Ginny Pulos is a third generation Greek-American, born in Dayton, Ohio. After graduating from the Cincinnati College-Conservatory of Music, she came to New York, and for twenty years she earned her living performing in soap operas, commercials, industrial films, stage acting, and singing as a guest soloist at Avery Fisher Hall and with the symphony in the parks. As she flourished in the arts, however, she discovered she had gifts that would open a new door for her, and enabled her to do the same for others.
In 1989, she started Ginny Pulos Communications, Inc., a speech and media training consultancy that also proved to be a vehicle for providing other talented people with mentoring that made a difference in their lives.
TNH: New York is the communications capital of the world. What does Ginny Pulos Communications offer?
GP: As a specialist in presentation and persuasion skills, and in team building in corporate environments, I pioneer innovative programs designed to help others know and persuasively use who they really are in, and out, of the spotlight. Our work lies principally in four areas: presentation skills (preparing people to give speeches and presentations in all sorts of settings), media training (preparing people for interviews with the press, television or radio and in court), communicating leadership and authority (that’s executive presence, persuasion and command), and storytelling to drive business goals (using true stories structured to be brief, engage an emotion and end on a high note told in present tense). Readers can follow our blog: http://www.ginnypulos.com/blog.html
TNH: Tell us about how you help the people with whom you work.
GP: Bottom line, I help people shine in the spotlight. Since so much of communication is nonverbal and personal, this kind of work can be excruciating for participants. I try to make it fun while people practice being themselves in the spotlight. Over my more than 26 years in business and teaching at New York University, I have developed a process and curriculum. I also use my performance skills, theatrical training, intuition, and enormous curiosity, research and preparation for my work. For instance, if I design a seminar to solve a particular communication skill, I may use theatre games or other creative exercises I invent to help people practice a new behavior on their feet before a camera, in an environment where it’s safe, and where we can possibly still have some fun.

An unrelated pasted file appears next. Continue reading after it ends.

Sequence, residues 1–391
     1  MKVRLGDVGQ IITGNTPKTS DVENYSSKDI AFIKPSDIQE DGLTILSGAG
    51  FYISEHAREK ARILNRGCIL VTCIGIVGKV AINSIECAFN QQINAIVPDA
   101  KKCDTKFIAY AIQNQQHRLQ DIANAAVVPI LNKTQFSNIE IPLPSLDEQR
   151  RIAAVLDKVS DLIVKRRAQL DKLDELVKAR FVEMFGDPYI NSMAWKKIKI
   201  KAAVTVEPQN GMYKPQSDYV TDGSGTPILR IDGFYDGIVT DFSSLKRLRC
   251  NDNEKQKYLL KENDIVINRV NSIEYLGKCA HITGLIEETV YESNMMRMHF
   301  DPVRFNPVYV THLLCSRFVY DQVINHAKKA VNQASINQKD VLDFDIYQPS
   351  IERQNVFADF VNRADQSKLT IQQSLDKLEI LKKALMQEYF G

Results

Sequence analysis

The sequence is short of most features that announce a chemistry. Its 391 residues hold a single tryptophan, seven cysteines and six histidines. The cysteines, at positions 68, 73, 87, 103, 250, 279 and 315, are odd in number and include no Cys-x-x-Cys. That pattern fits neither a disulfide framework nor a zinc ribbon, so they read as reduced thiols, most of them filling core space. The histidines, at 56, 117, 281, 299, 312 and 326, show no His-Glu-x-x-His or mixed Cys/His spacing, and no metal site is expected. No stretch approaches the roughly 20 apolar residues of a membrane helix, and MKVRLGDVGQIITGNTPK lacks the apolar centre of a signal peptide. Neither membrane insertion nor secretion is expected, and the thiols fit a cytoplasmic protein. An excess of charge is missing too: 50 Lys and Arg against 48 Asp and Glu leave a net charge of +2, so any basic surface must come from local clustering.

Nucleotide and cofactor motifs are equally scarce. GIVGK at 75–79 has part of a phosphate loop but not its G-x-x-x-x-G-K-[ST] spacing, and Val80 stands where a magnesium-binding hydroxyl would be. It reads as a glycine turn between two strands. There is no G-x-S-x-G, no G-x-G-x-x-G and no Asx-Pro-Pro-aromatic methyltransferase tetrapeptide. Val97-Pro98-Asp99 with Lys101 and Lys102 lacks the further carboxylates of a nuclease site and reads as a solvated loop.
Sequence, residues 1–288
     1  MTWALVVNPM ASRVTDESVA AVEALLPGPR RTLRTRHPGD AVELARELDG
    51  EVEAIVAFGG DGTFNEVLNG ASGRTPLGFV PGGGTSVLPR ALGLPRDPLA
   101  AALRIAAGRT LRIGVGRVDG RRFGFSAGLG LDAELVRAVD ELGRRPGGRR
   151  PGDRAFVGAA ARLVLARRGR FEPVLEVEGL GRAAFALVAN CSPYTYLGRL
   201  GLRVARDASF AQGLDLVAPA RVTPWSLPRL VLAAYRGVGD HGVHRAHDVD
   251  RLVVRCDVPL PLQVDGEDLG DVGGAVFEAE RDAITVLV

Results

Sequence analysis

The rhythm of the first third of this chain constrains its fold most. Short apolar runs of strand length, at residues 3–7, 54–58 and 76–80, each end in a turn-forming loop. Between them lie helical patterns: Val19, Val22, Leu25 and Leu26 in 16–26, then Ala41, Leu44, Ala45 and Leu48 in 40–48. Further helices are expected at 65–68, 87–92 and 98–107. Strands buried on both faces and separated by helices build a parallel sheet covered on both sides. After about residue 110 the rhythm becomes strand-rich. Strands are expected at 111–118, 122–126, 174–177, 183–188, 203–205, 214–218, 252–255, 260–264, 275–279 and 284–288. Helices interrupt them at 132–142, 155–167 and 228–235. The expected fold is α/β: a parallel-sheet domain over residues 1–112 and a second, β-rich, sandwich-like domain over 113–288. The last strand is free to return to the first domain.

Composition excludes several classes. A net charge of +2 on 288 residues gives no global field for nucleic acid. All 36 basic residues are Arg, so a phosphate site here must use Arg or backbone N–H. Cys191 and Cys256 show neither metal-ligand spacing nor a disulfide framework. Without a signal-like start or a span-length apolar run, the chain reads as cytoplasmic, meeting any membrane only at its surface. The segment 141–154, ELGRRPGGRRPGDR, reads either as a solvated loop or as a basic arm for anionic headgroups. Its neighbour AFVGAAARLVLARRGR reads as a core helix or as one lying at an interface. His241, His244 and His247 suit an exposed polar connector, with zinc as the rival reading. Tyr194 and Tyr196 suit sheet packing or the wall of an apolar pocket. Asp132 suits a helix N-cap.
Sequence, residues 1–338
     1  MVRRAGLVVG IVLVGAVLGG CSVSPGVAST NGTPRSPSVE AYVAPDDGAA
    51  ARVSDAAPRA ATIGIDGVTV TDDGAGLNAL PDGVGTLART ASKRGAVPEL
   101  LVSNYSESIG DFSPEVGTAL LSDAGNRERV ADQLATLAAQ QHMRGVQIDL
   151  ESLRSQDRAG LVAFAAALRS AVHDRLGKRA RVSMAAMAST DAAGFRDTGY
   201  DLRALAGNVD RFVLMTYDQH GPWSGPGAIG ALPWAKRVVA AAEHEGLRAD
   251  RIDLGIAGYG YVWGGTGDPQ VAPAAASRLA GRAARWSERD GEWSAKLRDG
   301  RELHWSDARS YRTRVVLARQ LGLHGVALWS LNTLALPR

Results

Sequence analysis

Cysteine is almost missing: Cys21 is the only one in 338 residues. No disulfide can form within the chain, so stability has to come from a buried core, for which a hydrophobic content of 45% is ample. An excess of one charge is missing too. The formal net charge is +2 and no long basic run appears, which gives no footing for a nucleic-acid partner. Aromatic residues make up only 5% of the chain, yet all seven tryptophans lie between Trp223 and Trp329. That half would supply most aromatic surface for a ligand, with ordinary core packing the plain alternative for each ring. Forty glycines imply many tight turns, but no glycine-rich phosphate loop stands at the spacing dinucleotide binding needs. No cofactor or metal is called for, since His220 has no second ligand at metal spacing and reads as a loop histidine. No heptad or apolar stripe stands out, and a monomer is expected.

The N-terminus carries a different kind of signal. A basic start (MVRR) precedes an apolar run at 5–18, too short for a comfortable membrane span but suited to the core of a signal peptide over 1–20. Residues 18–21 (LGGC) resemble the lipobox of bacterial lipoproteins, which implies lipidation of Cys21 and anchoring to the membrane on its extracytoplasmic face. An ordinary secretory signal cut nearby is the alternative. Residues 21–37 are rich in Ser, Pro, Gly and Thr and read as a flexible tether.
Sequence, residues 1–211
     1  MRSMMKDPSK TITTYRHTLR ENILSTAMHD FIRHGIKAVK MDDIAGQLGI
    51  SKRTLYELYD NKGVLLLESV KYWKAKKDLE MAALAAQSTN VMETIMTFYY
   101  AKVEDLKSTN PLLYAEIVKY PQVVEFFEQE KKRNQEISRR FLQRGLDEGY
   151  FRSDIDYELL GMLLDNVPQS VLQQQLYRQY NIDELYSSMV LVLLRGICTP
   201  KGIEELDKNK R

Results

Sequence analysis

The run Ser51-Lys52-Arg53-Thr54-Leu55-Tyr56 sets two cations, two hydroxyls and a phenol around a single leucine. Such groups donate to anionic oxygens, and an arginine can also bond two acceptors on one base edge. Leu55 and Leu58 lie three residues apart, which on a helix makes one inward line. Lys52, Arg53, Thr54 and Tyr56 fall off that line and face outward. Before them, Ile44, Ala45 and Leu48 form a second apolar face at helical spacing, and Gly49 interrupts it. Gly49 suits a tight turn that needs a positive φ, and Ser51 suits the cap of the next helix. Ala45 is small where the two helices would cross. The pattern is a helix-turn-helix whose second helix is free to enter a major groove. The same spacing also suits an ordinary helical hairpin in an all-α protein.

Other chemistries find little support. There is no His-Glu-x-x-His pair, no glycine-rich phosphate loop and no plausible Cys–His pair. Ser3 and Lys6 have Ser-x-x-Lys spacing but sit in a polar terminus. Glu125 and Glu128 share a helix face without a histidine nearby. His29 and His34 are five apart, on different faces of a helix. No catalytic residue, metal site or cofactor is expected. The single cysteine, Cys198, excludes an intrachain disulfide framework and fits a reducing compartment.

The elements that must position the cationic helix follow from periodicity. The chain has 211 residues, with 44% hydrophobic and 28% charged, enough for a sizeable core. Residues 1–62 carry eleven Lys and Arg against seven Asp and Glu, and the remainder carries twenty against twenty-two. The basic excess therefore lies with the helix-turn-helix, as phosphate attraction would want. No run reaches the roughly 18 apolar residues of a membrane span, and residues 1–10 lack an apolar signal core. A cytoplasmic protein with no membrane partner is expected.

TNH: You are very passionate about mentoring:
GP: It is really what my job is in general. I call it being a Wing Maker. I get people to take a risks on being who they are, and once they know who they are, they fly. People become empowered. Many created something new and innovative in their profession. It’s fascinating to see.”
TNH: Has your life path been influenced by your Ancient and Modern Greek and Orthodox heritage?
GP: Most definitely! Good you ask me this after just returning from the Acropolis! I believe my Greek heritage gives me confidence in the long history of philosophy, freedom, academic excellence and hospitality that people from our culture exude. When I first started singing many people compared me to Maria Callas. This was a high compliment for me. And, many of us Greeks are entrepreneurs. We think for ourselves. We use our own energy, drive and creativity to achieve excellence. These have been driving themes in my own life.
TNH: What’s the greatest lesson you’ve ever learned?
GP: The greatest lesson has been to think for myself whom to trust. I’ve learned not to make certain people a priority in my life if I’m only an option in theirs. I’ve learned to ask for what I want. I also try not to help others if they haven’t asked for my help and have saved myself countless hours and effort and which allow others the dignity to think for themselves. I’ve learned to ask for help if and when I need it. Finally, I’ve learned not to worry about what others think, but about what I think. (I know that’s six lessons, but they’ve all been really big for me.)
TNH: Do you have role models?
GP: Formally? No. But esthetically – Maya Angelou, for her wisdom, her strength, her creativity and overcoming; and Arianna Huffington for her wisdom, savvy, strength, and entrepreneurism.
TNH: What’s your ultimate goal in life?
GP: To live a full and rich life surrounded by the people I love. I mean I strive to live deeply, fully and to live, as Aristotle suggests, a fully examined life — one that’s worth living.
TNH: Share with us some words of wisdom.
GP: I believe that being who you truly are is not enough, it’s exceptionally powerful. People are so afraid of not being perfect. Yet, perfectionism is what drove me away from singing, ultimately. I was never good enough for me. What a waste of energy! I also believe that stopping to be grateful and to express gratitude daily is a habit that breeds success.